Parental neglect

...Police are now considering charging the girl’s parents with child abuse and have requested a statement from the dentist...

 

BACKGROUND: A dentist – Dr C – has been contacted by local police in regard to a four-year-old girl who was recently taken into care and is now living with a foster family. Dr C had examined the child four weeks ago and found multiple grossly carious teeth and referred her to the dental hospital for extraction of the teeth under general anaesthetic.

The police are now considering charging the girl’s parents with child abuse and have requested a statement from Dr C. He is concerned that providing this could breach patient confidentiality and he contacts MDDUS for advice.

ANALYSIS/OUTCOME: Ideally, the police would produce a court order or written consent from someone with parental responsibility (which may be shared between, for example, the mother and child services). If these documents are not forthcoming for whatever reason (perhaps, for example, parental involvement might compromise the investigation or increase the risk of harm to the child), further information would be needed to allow the dentist to weigh up the relative merits of disclosing patient data without consent. The patient’s best interests are paramount.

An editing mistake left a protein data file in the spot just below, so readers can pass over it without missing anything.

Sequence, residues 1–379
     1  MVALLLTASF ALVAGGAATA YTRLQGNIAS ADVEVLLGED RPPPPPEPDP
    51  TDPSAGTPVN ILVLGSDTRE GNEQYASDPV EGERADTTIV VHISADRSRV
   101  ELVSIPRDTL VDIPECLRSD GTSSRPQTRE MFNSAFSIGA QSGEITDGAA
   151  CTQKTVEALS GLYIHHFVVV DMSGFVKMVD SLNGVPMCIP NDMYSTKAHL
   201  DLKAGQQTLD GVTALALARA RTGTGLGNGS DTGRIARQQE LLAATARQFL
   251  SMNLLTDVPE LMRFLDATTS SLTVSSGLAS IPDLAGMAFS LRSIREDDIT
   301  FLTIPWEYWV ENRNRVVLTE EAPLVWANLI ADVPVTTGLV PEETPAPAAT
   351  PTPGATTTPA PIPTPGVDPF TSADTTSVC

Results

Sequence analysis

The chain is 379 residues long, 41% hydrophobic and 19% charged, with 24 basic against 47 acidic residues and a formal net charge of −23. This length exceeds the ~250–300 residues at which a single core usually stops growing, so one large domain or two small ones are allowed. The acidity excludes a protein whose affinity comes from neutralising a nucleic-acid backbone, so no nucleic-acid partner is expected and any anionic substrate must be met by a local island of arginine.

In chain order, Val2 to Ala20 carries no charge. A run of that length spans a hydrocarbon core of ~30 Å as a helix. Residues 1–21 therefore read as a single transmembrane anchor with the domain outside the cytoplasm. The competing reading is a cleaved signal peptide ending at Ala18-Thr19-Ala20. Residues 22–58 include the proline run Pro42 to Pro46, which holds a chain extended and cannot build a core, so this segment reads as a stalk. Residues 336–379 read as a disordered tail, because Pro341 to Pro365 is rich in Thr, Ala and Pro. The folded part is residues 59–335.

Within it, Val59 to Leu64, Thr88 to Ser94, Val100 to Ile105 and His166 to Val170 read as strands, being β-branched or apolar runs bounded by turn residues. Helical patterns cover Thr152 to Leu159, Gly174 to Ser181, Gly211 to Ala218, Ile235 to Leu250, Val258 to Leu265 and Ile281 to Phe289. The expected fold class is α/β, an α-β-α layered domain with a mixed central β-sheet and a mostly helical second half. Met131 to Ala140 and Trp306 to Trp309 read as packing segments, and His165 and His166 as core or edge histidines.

In writing a statement, the dentist would be advised to lay out the details as if presenting the case in an oral examination, commencing with the presenting complaint and moving on to examination and then the diagnosis and treatment plan. The statement should be factually accurate and based on what is contained in the dental records as it is on this basis that the dentist may be questioned in court.

The dentist is not expected to offer an opinion as to whether the parent’s actions amounted to ‘neglect’ or on any other wider issues that will be addressed by other independent experts in the case.

KEY POINTS

  • Wherever possible, obtain written consent from someone with parental responsibility or a court order before disclosing confidential information about a young child’s dental care.
  • Ensure the disclosure is warranted before releasing details without appropriate consent and be prepared and able to justify the decision.
  • Always act in the child’s best interests.
  • Consult GDC Guidance on child protection and vulnerable adults.